Having won the case, it seemed the negative buzz would quickly quiet, and it did--until this week when Britain’s Supreme Court of Judicature legally and officially announced that Pringles are, in fact, potato chips. The New York Times notes, "The decision is bad news for Procter & Gamble U.K., which now owes $160 million in taxes."
The news is also bad because, once again, the information has not stayed at rest and is newly ricocheting through Social Media. On Twitter there have again been dozens of tweets reaching thousands of people. Google's blog search once more reflects over a hundred blog posts from this past week, all calling attention to the “potatoness” (a term used in the Supreme Court ruling) of Pringles. And as the blog did with last year's Pringles' news, The Consumerist has again put a spotlight on P&G's legal and consumer issues in an article that has been read over 6,000 times in three days.
One understands why P&G thought this was a legal argument worth mounting. With $160 million of tax dollars in play and a legitimate claim that Pringles are "crisps" and not potato chips--the operative distinction in the tax case--it must have seemed a simple legal and economic decision to go to court. But now that we can observe not just P&G's loss of their case but also the social and brand costs associated with their effort, it is easy to see how business decisions must be reached with a different set of criteria than in the past.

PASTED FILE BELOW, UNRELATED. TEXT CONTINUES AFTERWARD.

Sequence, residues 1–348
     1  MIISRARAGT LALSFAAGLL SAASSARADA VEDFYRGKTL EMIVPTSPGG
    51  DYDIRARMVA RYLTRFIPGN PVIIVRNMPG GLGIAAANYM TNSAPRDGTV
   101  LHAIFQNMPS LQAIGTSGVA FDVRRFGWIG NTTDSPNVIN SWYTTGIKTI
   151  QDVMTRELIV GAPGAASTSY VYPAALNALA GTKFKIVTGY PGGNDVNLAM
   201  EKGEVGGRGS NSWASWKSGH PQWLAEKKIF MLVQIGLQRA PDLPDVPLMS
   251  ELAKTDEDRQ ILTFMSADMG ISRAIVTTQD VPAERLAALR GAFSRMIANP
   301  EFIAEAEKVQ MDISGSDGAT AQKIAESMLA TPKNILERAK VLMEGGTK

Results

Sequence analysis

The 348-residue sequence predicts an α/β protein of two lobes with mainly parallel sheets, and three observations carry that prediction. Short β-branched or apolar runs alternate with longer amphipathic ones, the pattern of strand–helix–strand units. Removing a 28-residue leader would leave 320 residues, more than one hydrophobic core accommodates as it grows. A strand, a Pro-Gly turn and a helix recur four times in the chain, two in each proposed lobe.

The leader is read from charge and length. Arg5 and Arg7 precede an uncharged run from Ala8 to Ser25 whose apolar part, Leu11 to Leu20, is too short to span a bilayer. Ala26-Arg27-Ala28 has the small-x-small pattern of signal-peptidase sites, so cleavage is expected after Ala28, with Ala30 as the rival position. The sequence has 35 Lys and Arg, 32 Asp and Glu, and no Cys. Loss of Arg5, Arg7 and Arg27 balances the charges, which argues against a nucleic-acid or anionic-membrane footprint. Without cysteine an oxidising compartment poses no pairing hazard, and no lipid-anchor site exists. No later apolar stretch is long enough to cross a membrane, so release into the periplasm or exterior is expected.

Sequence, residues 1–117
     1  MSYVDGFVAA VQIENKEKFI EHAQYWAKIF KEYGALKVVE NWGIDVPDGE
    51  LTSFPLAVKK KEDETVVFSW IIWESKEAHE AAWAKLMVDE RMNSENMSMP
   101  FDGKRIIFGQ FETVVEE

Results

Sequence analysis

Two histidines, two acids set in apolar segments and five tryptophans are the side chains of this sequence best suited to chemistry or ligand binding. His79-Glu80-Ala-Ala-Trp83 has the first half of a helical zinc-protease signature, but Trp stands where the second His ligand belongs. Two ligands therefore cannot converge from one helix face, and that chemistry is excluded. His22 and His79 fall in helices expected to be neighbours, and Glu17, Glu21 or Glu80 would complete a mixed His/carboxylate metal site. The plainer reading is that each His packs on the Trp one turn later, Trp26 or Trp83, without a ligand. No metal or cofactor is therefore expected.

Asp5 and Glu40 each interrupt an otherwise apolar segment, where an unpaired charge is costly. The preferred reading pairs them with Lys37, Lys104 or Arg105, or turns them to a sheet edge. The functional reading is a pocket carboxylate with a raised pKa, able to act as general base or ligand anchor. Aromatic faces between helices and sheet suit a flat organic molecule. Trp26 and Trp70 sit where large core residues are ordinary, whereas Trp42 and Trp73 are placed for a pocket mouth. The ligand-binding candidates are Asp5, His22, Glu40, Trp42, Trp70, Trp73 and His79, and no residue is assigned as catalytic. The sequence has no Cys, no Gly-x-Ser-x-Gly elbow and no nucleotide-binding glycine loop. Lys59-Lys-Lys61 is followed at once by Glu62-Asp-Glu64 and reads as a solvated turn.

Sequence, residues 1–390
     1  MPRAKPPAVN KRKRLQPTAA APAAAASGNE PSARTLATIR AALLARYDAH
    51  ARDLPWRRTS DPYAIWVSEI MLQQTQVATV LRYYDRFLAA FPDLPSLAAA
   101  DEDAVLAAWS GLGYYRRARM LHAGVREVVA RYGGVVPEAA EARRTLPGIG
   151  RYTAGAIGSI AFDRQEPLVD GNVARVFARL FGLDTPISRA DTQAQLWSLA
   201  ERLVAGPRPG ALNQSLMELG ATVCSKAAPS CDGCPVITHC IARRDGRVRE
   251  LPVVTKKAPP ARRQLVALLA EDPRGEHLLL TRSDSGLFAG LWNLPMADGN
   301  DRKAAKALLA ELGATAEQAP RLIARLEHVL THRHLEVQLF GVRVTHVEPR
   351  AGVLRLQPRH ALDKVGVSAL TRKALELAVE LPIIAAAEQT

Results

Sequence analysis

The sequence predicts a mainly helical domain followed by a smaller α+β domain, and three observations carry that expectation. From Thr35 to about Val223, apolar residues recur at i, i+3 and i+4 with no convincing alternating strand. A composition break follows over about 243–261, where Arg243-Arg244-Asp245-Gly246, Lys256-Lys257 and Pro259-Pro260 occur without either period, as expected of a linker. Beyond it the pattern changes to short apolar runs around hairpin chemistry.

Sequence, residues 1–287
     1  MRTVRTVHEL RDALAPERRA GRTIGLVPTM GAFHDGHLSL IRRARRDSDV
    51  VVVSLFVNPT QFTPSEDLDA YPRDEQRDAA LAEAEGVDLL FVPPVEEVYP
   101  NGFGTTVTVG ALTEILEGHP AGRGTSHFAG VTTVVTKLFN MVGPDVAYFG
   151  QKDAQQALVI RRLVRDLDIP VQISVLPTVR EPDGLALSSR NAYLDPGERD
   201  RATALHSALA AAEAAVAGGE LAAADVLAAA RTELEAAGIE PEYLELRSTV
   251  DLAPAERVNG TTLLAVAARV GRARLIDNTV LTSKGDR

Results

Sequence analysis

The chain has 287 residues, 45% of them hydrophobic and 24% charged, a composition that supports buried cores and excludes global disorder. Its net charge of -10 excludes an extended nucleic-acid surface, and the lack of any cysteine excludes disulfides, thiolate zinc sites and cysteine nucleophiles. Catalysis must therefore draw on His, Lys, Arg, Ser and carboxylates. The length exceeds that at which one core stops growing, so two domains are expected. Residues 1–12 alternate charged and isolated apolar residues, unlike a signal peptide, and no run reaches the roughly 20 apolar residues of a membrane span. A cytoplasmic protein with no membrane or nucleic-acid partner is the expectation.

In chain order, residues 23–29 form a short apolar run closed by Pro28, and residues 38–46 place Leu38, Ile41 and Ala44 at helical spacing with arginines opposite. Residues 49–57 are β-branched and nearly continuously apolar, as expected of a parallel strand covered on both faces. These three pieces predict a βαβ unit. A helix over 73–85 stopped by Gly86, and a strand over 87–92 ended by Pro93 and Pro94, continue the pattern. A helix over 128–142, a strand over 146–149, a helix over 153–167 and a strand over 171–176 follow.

No decision can be made without some consideration for how it might play in Social Media; every decision is a brand decision, to one extent or another; and everyone in the organization is responsible for brand stewardship. Whether it's a cable installer who falls asleep in a consumer's house, a poorly maintained bathroom, an overzealous PR flack offering to pay consumers for positive reviews, or management's handling of a round of layoffs, anyone or anything can become fodder for the Social Media gristmill.
If any action can result in an unequal and frequently unexpected reaction in Social Media, and if information doesn't stay at rest and cannot be contained, what does this mean to marketing and communication professionals? First of all, we should learn from the experiences of P&G, Motrin, Comcast and others. Like Sir Isaac Newton, who famously came to a scientific revelation about gravity after observing an apple falling to the ground, we can observe the gravitational pull of Social Media and develop plans and procedures that prevent our brands from getting sucked into the same vortex of criticism and negativity.
How? We'll explore this in the next post when we apply Newton's Second Law of Motion to the world of Social Media.